... but I stopped. Now I'm a dad, and may blog again...

Thursday, December 15, 2011

475: Folk (English)

When Stewart Lee talks, about anything really, I listen. Occasionally he will put out a radio documentary about something or other, interesting to himself, and I will think ooh that's interesting and follow along with piqued interest. His 2005 episode of the radio show Chain Reaction where he interviewed graphic novel author Alan Moore was almost solely responsible for creating my interest in Moore's output, and in modern graphic novels as a whole. Before that my interest in comics had dwindled as I grew up and left Asterix, Tank Girl, and Beano/Dandy behind me. Thank you Mr. Lee.

Watching his Mastermind appearance with the specialist subject of improvisational guitarist Derek Bailey, helped push along my re-interest in Captain Beefheart and its companion interest in avant garde and general weirdness. Stewart Lee's radio documentary White Face, Dark Heart, on the obscure phenomena of the Hopi Native American Clown Ceremony during which the nominated clowns break all normal conventions of behaviour, got me interested in the intellectualisation of the base nature of comedy (or whatever): stuff is funny... why... Anyway, point I'm trying to make is that Stewart Lee is interesting, interested in disparate subjects, and able to make strange and unexpected subjects exciting.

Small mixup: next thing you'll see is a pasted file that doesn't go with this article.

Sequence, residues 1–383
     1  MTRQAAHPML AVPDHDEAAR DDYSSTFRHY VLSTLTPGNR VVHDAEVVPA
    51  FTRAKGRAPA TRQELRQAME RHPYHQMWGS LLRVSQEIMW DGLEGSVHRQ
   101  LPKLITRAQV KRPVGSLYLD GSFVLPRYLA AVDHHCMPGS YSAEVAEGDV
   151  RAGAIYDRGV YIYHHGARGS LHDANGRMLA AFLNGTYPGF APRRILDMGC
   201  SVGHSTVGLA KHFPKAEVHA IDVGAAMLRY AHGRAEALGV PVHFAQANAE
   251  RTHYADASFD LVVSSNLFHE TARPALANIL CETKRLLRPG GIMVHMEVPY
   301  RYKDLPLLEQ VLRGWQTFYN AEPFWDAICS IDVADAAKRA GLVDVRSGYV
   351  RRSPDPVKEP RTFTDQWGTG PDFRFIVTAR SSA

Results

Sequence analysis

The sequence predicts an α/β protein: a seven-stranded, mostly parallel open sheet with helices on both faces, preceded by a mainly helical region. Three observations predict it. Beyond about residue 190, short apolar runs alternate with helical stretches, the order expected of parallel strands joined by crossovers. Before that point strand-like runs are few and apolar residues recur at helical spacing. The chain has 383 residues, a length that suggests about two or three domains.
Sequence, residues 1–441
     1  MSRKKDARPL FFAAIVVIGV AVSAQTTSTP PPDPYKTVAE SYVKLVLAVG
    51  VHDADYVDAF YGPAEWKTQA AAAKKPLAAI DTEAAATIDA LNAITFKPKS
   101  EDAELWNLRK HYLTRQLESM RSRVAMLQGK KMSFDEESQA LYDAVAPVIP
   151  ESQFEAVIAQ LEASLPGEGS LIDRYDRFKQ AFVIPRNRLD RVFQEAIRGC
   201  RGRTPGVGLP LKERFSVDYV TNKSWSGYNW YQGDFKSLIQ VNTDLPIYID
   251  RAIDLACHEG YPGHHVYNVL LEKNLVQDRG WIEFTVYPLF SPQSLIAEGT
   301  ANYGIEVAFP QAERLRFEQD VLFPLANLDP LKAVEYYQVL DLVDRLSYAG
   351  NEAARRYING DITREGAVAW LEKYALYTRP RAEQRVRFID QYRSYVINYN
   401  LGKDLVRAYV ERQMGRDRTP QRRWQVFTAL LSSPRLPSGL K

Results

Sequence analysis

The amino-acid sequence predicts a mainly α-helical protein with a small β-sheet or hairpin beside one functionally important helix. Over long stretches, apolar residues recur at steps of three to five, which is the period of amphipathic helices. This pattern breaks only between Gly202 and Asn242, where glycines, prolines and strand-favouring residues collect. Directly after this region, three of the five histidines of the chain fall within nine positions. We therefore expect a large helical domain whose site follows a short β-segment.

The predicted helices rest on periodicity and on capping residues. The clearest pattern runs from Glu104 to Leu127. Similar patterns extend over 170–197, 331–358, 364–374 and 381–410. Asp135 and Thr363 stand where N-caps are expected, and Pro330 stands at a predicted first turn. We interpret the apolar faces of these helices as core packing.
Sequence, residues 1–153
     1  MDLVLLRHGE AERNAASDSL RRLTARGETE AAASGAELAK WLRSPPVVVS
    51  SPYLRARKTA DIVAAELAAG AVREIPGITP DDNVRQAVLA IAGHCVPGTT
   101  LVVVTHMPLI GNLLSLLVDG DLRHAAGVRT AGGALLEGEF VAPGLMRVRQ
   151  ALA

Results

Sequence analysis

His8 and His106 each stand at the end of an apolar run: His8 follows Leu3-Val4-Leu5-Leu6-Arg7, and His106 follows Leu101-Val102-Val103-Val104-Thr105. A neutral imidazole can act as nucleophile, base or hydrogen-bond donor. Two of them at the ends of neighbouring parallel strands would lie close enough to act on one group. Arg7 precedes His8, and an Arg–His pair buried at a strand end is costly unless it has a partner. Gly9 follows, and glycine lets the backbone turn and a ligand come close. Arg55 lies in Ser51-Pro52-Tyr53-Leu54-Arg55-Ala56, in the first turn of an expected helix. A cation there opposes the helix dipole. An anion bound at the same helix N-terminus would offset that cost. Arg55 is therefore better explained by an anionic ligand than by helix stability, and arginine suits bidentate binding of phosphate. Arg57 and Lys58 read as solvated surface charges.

Stewart Lee's latest radio documentary is It's Got Bells On, part of Radio 2's Dance Season, is on the subject of Morris, rapper sword, clog, and other forms of traditional English folk dancing. Now, I must at this point state that I am a Morris dancer; it's true. OK, it's not true, but it once was. At primary school we did a Morris dance and performed it at Lancaster town hall, probably circa 1989. We had little white costumes, like cricketers but you know cool. Bells on our knees, and wooden sticks we clashed together like sparring martial artists. That fact allows me to say I was doing it before it was cool; so fuck you hipsters. Etc.

Strange how English folk is uncool (except amongst mustachioed hipsters who are all to aware of its cool/uncool paradox, and people interested in steam trains who are oblivious to coolness), yet American folk and Irish folk is very cool, and other traditional forms of World music are always popular. English folk, especially Morris music seems highly accordion based. To me this is very reminiscent of shanties, chanties, sea music. England was a seafaring nation; Ireland wasn't. Maybe the distaste for English folk is a kind of post-colonial guilt. Perhaps it is part of the same phenomena that makes a traditional fish n chips hard to find whereas Chinese food, curry, pizza, burger and fries, and even sushi are incredibly easy to find. The fact that so many "full English" breakfasts are missing the black pudding.

As with anything now, in order to make old things relevant again, the go-to cliched way is to mix everything with hip hop elements. As with English folk, clog dance has been mixed with hip hip dance. The documentary has led me to Time Gentleman Please, a recent collaborative effort 'tween cloggers and hip-hoppers, and watching the following video it works so amazingly unexpectedly well. It shows how hip-hop and folk are both raw, improvised, un(high)cultured, competitive.

So at this moment, while its firmly in my mind I am totally pro-Morris, pro-English folk. I want a big tankard of ale and some bells for my knees. Let's, in all seriousness, have 5000 Morris dancers for the opening ceremony of London 2012.

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